How to do it: A seven-night Dordogne self-guided trip with On Foot Holidays (onfootholidays.co.uk) costs from £1,025pp including B&B accommodation; excludes flights.
If you’re still a little unconvinced about a ‘proper’ walking trip, let a ship take some of the strain. CroisiEurope’s hiking cruises combine the serene ease of river boating (no need to unpack more than once!) with a programme of expert-guided walks at each port. There are daily non-hiking excursions too; this works well for couples travelling together who want different things from their holiday, or for those who just fancy a day off. CroisiEurope’s Four Rivers hiking cruise is good for those seeking variety. It navigates picturesque stretches of the Moselle, Saar, Rhine and Neckar rivers, and moors up in spots such as Luxembourg, Saarburg, Heidelberg and Strasbourg en route.
On-foot forays lead through the vineyards in Remich (finishing with a tasting), around the former Roman stronghold of Trier, along the vine-lined Apolloweg trail to Neo-Gothic Cochem Castle and into the foothills of the Taunus Mountains to mighty Eberbach Monastery (where more wine-tasting awaits). And this being the Rhineland, there are good tipples to be found throughout – and all your booze is included on board. Prost!
How to do it: A six-night Four Rivers cruise with CroisiEurope (croisieurope.co.uk) costs from £1,553pp including full-board accommodation; excludes flights; departs September 23 2023.
Wine has been produced in the Douro Valley, in much the same way, for around 2,000 years – the terraces flanking the wide, winding river are too steep for machines, and still harvested by hand. But don’t let that deter you: Macs Adventure’s self-guided Porto & the Douro trip is an easy-moderate affair. Any small climbs encountered as you navigate the Unesco-listed valley are mitigated by the short distances and intoxicating surroundings.
Indeed, most of the hotels you’ll stay in are located right among the vineyards, so you can easily wander out for tastings, perhaps try traditional barefoot grape-treading or spend evenings sipping something delicious, overlooking the vines themselves. The trip isn’t all walking either. Begin with a mooch around handsome Porto before taking the scenic train ride up the valley – a considerable engineering feat that includes 26 tunnels and 30 bridges. After four delightful days of walking, the return to the city is made by boat on an all-day cruise down the Douro that includes lunch and, of course, a glass of fine local wine.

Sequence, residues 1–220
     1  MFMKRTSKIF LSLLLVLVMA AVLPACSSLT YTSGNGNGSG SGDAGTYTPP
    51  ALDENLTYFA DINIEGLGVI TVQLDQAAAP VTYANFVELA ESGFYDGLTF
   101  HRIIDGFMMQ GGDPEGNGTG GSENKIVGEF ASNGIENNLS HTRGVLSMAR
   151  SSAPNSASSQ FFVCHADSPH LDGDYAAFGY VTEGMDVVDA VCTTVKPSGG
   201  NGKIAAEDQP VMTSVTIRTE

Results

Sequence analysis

How to do it: A seven-night Porto & the Douro self-guided trip with Macs Adventure (macsadventure.com) costs from £990pp including B&B accommodation; excludes flights.
A foray for foodies
Hedonistic Hiking’s tagline is ‘food, wine, walking’. In that order. Think cutlery rather than crampons, and mid-stroll gastronomic picnics that are as notable as the views. Its new-for-2022 Tuscan Harvest small-group trip combines gentle walks through the mouthwatering region with an immersion in its cuisine, meeting vintners, olive oil producers, gelato makers and world-class chefs. The walking is leisurely (graded level two out of five) – just strenuous enough to work up an appetite for the next dish of truffle-dusted cavatelli or chilled Chianti Classico.
Based at a historic villa and then a four-star palazzo, you’ll be led down farm tracks, country lanes and along a soupçon of the Via Francigena pilgrimage trail. En route, you’ll explore the castles, vineyards and medieval villages of the Chianti countryside, as well as spending a day in Unesco-listed Siena. Sip and slurp at boutique wineries, get hands-on at a cooking class, dine out on Tuscan specialities and toast the trip with a final dinner at Arnolfo, one of Italy’s few restaurants with two Michelin stars.
How to do it: A seven-night Tuscan Harvest guided trip with Hedonistic Hiking (hedonistichiking.com) costs from £2,525pp including full-board accommodation; excludes flights; departs September 24.
Bimble by boat
Lake Lucerne, Switzerland
There are many things at which Switzerland excels, and mountains and public transportation are just two of them. Inntravel’s Around Lake Lucerne self-guided trip makes the most of the latter to ease into the former: using a combination of scenic and efficient boats, mountain railways and cablecars (included in the holiday price) means you get effortless access to the peaks around the winsome city. You’ll spend two nights each in three romantic, waterside hotels.